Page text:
- Launch the Windows Azure Management Portal and login with the credentials used when activating your Windows Azure 90-Day trial above.
- Click Storage in the left navigation pane of the Windows Azure Management Portal.
Windows Azure Management Portal – Storage Accounts
- On the Storage page of the Windows Azure Management Portal, click +NEW on the bottom toolbar to create a new storage account location.
Creating a new Windows Azure Storage Account location
- Click Quick Create on the New > Storage popup menu and complete the fields as listed below:
– URL: XXXbackup01 ( where XXX represents your initials in lowercase )
– Region / Affinity Group: Select an available Windows Azure datacenter region for your new Storage Account.
NOTE: Because you will be using this Storage Account location for backup / disaster recovery scenarios, be sure to select a Datacenter Region that is not near to you for additional protection against disasters that may affect your entire local area.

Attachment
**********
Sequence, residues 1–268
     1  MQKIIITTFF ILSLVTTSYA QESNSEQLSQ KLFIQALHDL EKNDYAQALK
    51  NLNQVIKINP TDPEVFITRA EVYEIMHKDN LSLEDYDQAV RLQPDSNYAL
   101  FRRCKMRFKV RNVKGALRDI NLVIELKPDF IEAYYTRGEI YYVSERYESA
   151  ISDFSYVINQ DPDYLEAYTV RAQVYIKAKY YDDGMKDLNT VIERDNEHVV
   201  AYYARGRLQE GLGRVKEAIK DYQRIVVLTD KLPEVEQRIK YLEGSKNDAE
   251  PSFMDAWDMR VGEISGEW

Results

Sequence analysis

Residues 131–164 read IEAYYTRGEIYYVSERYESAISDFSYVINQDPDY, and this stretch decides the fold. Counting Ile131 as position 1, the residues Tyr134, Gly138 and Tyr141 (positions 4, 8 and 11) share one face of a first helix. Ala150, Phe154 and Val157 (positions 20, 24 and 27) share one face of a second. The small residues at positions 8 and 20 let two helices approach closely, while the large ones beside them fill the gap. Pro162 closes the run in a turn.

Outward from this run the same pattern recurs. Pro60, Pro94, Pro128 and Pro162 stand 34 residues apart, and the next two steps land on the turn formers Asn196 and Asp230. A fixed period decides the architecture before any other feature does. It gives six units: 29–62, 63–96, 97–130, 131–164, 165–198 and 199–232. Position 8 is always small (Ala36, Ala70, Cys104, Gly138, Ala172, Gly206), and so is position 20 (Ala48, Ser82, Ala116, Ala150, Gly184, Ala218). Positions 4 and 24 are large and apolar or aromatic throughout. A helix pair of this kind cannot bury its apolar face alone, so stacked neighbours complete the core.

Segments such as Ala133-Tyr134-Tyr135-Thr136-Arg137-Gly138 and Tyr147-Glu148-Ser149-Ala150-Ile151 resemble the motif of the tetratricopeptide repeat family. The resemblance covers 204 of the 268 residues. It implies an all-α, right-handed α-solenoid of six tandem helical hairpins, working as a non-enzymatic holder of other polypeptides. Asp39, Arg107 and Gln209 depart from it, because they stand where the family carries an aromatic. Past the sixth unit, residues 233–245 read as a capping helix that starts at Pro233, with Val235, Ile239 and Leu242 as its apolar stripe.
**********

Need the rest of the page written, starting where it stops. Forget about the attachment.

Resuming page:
Click the Create Storage Account button to create your new Storage Account location.
- Wait for your new Storage Account to be provisioned.
Provisioning new Windows Azure Storage Account
Once the status of your new Storage Account shows as Online, you may continue with the next step.
- Select your newly created Storage Account and click the Manage Keys button on the bottom toolbar to display the Manage Access Keys dialog box.
Manage Access Keys dialog box
Click the button located next to the Secondary Access Key field to copy this access key to your clipboard for later use.
- Create a container within your Windows Azure Storage Account to store backups. Click on the name of your Storage Account on the Storage page in the Windows Azure Management Portal to drill into the details of this account, then select the Containers tab located at the top of the page.